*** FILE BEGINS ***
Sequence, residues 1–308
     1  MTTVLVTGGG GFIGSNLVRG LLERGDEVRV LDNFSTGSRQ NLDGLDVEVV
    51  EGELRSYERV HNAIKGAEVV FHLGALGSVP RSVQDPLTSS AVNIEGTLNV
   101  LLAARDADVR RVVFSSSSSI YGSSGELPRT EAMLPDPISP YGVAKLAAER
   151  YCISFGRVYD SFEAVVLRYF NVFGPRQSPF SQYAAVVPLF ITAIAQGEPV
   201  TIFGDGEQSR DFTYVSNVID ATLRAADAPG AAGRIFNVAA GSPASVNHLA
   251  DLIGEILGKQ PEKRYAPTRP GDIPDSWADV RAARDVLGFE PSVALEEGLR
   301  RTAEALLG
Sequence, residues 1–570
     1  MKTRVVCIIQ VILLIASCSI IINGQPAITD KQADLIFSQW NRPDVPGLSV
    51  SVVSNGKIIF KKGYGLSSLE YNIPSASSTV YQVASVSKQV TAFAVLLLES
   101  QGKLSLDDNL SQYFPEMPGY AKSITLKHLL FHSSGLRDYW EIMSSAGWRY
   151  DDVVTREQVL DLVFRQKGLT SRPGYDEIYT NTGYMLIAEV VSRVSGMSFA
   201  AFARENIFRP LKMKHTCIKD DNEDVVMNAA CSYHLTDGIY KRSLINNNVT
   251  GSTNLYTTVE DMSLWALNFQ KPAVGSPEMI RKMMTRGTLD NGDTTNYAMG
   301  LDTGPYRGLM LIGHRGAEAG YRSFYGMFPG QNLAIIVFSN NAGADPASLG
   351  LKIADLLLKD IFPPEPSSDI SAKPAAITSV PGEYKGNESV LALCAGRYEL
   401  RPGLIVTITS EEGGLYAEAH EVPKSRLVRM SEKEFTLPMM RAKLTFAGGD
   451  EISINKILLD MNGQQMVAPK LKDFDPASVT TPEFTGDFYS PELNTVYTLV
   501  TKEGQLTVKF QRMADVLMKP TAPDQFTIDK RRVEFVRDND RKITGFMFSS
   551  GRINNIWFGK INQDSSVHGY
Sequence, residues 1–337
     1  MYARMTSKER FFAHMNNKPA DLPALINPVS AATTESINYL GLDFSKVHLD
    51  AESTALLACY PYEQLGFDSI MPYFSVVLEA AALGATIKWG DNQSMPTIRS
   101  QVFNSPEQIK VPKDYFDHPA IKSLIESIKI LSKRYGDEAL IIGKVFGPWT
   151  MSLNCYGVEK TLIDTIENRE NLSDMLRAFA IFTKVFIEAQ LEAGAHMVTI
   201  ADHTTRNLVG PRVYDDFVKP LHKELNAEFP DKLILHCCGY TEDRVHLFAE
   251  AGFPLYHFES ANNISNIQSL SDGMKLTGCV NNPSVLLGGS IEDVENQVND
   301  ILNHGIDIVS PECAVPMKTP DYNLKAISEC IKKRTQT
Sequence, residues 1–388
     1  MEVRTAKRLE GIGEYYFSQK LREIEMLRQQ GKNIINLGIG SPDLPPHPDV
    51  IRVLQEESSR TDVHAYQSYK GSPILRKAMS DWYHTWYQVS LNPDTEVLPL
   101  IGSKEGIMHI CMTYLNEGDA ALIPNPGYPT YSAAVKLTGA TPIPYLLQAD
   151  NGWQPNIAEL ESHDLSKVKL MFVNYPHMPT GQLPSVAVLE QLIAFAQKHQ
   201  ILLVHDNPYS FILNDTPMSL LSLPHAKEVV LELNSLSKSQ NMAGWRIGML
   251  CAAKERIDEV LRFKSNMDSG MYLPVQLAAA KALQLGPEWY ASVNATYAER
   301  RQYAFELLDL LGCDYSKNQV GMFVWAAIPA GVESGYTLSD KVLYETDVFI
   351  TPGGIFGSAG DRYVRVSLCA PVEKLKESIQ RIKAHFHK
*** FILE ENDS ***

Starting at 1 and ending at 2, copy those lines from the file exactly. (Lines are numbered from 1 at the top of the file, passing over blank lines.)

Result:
Sequence, residues 1–308
     1  MTTVLVTGGG GFIGSNLVRG LLERGDEVRV LDNFSTGSRQ NLDGLDVEVV